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Articles tagged: Unimod

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Posted by Ville Koskinen (January 18, 2019)

O-fucosylated CID spectra

O-linked fucose is easily lost in CID. A recent paper by Swearingen et al. in the Journal of Proteome Research discusses this in the context of identifying O-fucosylated thrombospondin type 1 repeats (TSRs) in Plasmodium parasites using database searching. The main problem is, the O-glycosidic bond is weaker than the peptide backbone. Collision energies typical for peptide fragmentation cause it [...]

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Posted by John Cottrell (January 12, 2018)

Results round-up for the ‘dark matter’ challenge

In June, we tried to harness the power of crowd-sourcing to explain some of the unidentified modifications found in open database searches. We selected 20 abundant and unassigned mass deltas from Supplementary Table 3 of the recent MSFragger paper from Alexey Nesvizhskii’s group at U. Michigan and offered prizes for the first credible explanations. There were 35 unannotated deltas in [...]

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Posted by John Cottrell (June 26, 2017)

Trying to illuminate proteomics ‘dark matter’

The May 2017 issue of Nature Methods has a paper from Alexey Nesvizhskii’s group at U. Michigan describing a new open database search program called MSFragger. Strikingly, they also observed the two highly abundant but unidentified mass deltas reported in Steven Gygi’s 2015 mass tolerant paper: 301.9864 and 249.9803. The challenges of open searching were discussed in an earlier blog [...]

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Posted by John Cottrell (February 16, 2016)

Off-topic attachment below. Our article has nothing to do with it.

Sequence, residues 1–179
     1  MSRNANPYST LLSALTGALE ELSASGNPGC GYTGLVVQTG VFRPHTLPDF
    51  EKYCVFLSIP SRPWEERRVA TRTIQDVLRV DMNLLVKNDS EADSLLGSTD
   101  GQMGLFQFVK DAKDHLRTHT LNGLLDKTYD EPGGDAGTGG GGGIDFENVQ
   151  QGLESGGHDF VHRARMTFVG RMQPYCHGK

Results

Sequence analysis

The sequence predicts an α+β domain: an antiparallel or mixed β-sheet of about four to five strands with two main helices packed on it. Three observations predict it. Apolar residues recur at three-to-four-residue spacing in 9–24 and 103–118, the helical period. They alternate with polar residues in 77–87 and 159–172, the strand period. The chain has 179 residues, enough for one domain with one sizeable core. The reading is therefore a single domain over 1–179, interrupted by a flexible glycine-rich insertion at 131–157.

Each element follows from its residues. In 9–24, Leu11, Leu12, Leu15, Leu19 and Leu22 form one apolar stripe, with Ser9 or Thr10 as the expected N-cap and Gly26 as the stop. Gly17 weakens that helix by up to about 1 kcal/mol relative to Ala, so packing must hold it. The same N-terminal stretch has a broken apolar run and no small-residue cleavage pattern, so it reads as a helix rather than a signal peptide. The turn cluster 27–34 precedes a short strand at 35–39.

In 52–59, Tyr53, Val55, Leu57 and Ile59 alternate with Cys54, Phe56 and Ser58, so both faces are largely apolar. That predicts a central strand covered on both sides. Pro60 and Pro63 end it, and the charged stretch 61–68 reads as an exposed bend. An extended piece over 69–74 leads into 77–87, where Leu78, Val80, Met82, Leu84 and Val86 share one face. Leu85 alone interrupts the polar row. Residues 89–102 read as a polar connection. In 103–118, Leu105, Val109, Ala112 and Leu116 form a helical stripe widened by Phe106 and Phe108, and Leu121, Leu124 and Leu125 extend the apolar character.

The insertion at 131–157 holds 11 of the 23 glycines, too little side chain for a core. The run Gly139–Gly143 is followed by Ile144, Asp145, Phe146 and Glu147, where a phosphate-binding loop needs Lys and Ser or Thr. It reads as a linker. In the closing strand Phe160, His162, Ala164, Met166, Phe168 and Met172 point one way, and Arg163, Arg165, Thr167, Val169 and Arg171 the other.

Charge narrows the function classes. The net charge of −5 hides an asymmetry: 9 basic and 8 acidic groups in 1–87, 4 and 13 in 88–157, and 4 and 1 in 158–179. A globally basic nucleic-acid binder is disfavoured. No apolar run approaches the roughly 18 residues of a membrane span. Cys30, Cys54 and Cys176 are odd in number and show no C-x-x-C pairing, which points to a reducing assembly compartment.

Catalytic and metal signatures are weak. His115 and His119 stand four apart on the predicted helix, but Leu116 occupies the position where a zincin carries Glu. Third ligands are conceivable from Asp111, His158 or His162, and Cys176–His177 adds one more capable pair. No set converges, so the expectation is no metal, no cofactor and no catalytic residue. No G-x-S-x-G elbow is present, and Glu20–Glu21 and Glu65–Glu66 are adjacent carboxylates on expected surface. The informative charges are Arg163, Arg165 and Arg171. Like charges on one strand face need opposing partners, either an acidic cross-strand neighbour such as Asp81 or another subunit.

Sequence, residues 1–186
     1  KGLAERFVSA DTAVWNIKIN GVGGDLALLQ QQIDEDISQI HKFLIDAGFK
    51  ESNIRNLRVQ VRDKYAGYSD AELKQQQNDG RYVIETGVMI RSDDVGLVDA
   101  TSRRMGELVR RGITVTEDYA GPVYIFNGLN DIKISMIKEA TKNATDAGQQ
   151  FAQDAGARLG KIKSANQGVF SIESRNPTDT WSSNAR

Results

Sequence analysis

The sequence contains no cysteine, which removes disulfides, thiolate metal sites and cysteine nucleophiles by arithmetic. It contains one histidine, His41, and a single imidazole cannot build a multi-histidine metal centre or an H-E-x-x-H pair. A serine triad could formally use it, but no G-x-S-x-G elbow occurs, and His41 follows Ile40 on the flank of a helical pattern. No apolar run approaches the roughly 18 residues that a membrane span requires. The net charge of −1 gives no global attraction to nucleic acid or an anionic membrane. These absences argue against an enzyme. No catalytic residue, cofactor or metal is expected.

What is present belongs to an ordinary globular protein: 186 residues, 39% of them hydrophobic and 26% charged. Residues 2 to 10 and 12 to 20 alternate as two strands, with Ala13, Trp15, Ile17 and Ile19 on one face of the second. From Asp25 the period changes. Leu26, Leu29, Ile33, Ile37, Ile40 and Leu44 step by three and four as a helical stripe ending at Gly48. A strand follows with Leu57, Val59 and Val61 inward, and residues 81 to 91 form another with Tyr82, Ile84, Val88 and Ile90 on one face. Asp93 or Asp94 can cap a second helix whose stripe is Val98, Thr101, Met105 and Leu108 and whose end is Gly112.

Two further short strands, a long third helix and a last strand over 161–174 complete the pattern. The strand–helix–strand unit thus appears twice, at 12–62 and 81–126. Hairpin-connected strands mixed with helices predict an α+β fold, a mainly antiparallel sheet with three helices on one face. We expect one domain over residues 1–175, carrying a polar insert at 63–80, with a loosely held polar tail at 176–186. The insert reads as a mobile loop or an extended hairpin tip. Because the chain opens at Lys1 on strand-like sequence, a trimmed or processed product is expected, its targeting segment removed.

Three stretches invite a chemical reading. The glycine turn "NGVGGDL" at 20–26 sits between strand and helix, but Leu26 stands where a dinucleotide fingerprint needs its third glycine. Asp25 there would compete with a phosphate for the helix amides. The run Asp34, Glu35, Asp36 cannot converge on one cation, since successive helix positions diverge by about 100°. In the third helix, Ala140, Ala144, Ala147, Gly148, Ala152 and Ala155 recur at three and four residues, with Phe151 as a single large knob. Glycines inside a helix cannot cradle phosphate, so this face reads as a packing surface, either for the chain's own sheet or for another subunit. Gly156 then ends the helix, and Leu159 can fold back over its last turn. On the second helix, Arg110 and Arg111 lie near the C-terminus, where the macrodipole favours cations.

David Fenyö and Ron Beavis have a short paper in J. Proteome Research that draws attention to a potential problem with peptides containing selenocysteine (1-letter code U, 3-letter code Sec). Samples are frequently alkylated, yet modified U is unlikely to be considered in the search. This need not be an issue for Mascot searches, but you may have no modifications [...]

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Posted by John Cottrell (September 22, 2015)

Mass-tolerant vs Error tolerant

"A mass-tolerant database search identifies a large proportion of unassigned spectra in shotgun proteomics as modified peptides" in Nature Biotechnology is from Steven Gygi’s lab at Harvard Medical School. It describes the use of a very wide precursor mass tolerance, +/- 500 Da, to identify modified peptides in a Sequest search. How does this approach, which the authors call an [...]

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Posted by Ville Koskinen (August 15, 2015)

PSI file formats, part 3: repositories

We’ve talked about mzIdentML validity only in terms of file structure. Proteomics repositories, such as PRIDE or ProteoRed, of course require files to be valid in that sense, but they impose additional requirements. If you need to upload your search results to a repository, it is worth looking at this more extended idea of validity. For simplicity, I’ll only consider [...]

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Posted by John Cottrell (October 14, 2013)

Modifications round-up, part 2

This is the second of two articles dealing with topics relating to modifications. The first can be found here. Note that Site analysis was covered in an earlier article. Why aren’t amino acid substitutions listed in the search form? Amino acid substitutions are rare and there are lots of them, so the only practical way to use them is in [...]

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Posted by John Cottrell (September 19, 2013)

Modifications round-up, part 1

Much of the complexity in Mascot is associated with modifications. It can be hard to find information about some of aspects of handling modifications unless you already know what you are looking for. In this blog article, the first of two, I’ll collect together some of the topics that come up frequently in support emails. Note that Site analysis was [...]

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Posted by John Cottrell (April 9, 2013)

Non-standard amino acid residues

Mascot only supports the 26 letters of the Latin alphabet as one-letter codes in sequence database entries. And, it is case-insensitive, so you cannot use (say) R and r for different residues. This is quite a limitation if you want to create a custom database that encodes non-standard or modified residues. It isn’t a concern if you search only public [...]

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